Open science: Sharing is caring, but is privacy theft? by David Mehler and Kevin Weiner
Open Science (OS) is a movement toward increased sharing among scientists of their data, their materials, their computer code, their papers, and their peer reviews. The ultimate goal of this movement is to boost collaborative progress and bring greater transparency. Scientists might more rapidly build on results of others and help each other spot errors.
In the wake of the replication crisis in science and medicine, OS practices are widely seen as a path toward greater robustness and reliability of science. With full availability of materials, data, and code, researchers could easily reproduce results reported by others. They could just download the data and code and rerun the analyses. They could then make adjustments to the analyses or replicate the experiment to find out how reliable, robust, and generalizable the results are.
Additional benefits that can result from OS practices include establishing more efficient work pipelines and increased exchange and collaboration with the scientific community. For example, in the field of human brain mapping, developments such as OpenfMRI, NeuroVault, and the Human Connectome Project are prominent examples of successful large-scale open data collaborations.
Another element of OS practices is “preregistration” of studies. Researchers publicly declare the hypothesis and analysis plans before collecting the data. This can help prevent researchers from trying many different analyses, a widespread practice which can inflate the rate of false-positive findings. Like in clinical trials, preregistrations and registered reports have been suggested as new publishing formats to make a clear distinction between a priori declared confirmatory and post-hoc exploratory testing.
Dave Eggers’s book “The Circle” presents a satirical vision of the ultimate future social network to connect people and explores the tension between the positive and negative aspects of greater transparency and community cohesion (“Sharing is caring” and “Privacy is theft”). OS, similarly, faces the challenge of finding a balance between transparency and collaboration on the one hand, and privacy and individual freedom on the other.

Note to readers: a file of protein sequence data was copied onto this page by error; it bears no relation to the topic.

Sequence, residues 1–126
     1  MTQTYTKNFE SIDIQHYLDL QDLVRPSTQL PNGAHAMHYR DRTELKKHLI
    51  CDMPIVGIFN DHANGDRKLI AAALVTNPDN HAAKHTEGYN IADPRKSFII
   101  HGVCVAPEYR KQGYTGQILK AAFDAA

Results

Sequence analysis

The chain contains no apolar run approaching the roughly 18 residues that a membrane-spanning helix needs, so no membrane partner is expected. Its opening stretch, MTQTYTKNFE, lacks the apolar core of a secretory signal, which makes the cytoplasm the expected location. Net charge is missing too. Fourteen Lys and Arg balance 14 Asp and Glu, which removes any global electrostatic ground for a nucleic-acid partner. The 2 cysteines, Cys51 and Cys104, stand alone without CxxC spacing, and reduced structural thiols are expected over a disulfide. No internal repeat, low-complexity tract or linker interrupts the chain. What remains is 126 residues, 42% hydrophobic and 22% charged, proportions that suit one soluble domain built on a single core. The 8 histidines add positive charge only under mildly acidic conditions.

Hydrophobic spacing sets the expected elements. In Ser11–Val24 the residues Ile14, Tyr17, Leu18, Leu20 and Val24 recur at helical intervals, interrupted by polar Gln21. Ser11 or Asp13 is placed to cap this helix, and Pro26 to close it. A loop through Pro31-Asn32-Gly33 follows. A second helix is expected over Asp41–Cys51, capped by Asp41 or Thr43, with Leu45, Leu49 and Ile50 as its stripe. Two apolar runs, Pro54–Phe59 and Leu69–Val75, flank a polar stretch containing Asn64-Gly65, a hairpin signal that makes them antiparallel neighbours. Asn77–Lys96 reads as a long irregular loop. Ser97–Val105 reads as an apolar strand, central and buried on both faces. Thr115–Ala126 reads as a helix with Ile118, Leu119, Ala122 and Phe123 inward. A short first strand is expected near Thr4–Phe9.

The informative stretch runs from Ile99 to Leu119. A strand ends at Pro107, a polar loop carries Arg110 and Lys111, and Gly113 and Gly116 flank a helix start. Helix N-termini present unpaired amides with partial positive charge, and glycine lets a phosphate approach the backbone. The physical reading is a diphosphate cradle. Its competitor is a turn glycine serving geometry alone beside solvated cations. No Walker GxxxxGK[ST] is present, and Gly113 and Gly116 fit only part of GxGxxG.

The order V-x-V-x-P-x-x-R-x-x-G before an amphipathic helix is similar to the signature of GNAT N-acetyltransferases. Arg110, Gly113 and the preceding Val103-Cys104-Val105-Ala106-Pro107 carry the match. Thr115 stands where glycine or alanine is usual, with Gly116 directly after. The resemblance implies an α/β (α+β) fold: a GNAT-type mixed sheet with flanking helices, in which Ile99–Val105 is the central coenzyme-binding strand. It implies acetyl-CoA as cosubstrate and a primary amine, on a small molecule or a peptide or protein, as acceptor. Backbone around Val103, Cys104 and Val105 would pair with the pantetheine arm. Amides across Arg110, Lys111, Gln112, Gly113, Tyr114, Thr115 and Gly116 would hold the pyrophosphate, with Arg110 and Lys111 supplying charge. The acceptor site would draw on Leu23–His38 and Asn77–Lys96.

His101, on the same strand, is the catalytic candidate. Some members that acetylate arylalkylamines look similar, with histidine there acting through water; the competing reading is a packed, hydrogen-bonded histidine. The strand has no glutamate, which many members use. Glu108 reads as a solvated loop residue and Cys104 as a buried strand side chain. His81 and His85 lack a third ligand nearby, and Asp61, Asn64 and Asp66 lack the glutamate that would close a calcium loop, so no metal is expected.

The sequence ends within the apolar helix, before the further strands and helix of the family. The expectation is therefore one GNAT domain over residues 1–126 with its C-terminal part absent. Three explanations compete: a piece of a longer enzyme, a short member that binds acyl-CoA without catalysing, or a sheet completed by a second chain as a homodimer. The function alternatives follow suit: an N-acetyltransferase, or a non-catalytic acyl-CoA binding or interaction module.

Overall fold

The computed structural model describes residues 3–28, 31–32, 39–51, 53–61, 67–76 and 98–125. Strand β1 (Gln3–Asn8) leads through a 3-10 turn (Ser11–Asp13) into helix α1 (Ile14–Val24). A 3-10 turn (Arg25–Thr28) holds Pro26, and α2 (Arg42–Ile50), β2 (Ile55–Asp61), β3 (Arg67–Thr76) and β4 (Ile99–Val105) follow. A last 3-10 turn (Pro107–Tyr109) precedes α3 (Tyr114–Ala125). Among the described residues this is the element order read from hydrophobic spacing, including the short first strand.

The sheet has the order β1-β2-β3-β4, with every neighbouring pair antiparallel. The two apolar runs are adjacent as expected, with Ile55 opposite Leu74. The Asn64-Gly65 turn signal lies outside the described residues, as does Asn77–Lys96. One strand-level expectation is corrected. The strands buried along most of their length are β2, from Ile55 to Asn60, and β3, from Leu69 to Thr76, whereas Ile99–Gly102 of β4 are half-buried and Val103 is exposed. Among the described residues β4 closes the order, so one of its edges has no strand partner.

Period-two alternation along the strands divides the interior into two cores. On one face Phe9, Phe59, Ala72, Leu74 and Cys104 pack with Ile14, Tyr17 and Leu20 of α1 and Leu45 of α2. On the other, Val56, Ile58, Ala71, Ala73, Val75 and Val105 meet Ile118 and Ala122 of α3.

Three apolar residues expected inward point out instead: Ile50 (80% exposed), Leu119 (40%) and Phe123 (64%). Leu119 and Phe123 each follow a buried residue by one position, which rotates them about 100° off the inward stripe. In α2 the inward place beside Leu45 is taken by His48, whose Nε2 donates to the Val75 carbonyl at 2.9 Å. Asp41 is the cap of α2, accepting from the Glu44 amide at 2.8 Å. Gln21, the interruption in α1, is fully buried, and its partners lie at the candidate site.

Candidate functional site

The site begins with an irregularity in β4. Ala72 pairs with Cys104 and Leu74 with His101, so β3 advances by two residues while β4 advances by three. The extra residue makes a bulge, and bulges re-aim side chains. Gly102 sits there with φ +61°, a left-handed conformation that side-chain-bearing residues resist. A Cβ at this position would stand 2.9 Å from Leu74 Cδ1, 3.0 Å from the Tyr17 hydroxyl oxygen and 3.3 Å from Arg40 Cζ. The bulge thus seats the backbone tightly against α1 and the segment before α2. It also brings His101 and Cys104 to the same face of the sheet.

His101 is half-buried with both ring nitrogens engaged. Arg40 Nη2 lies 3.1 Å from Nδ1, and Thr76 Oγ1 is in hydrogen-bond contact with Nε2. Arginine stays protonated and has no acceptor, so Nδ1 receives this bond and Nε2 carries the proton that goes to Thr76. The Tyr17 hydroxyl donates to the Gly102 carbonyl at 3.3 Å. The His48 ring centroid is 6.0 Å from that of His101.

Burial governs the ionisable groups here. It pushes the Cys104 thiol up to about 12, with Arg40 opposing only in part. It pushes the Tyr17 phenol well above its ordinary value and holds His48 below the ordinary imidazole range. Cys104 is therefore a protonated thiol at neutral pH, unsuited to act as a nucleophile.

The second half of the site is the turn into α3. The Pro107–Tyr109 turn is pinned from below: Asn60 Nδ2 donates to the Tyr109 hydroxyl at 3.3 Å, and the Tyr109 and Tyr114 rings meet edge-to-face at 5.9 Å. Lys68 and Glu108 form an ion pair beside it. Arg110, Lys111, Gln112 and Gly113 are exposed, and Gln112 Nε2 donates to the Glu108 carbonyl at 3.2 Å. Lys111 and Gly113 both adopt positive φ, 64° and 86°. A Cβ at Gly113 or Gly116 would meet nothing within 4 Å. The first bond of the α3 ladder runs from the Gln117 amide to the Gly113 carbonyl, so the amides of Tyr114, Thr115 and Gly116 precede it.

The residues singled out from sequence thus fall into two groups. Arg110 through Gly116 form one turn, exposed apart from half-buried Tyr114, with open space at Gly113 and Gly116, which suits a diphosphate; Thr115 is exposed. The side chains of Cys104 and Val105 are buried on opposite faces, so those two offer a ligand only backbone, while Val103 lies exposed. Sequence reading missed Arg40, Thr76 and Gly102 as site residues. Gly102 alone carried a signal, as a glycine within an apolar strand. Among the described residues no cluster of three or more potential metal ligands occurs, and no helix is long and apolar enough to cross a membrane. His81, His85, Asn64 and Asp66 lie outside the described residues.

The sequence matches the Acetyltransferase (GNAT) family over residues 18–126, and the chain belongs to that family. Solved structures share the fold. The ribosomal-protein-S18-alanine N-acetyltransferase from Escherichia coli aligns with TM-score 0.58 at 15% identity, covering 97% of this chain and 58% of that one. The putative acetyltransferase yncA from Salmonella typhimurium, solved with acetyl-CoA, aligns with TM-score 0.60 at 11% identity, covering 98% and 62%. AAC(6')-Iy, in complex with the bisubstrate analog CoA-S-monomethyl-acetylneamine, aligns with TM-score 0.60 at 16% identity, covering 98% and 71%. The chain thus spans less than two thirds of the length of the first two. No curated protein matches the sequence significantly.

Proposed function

As we are actively figuring out the balance between transparency and collaboration in research, we thought it was worth reaching out to six of our colleagues who have thought extensively about OS. We hope that additional scientists will weigh in with further insight regarding this balance not only in human brain mapping, but also in other scientific fields.
Specifically, we asked them: What are the main challenges in moving toward Open Science and how can we meet them? Here are their responses:
Kirstie Whitaker (University of Cambridge, Department of Psychiatry):
“Change is coming. Before we continue, let’s define some terms for potential readers: Open Science is an umbrella term that can mean different things to different people. Open access research allows everyone to learn from scientific work (particularly that paid for by the tax payer). Open educational resources mean we don’t re-invent the wheel when we teach others about our work. Open source materials are ones that allow you to see inside, and improve, the black box. Open data allows researchers to verify our work, and conduct analyses that could not be carried out by one group alone.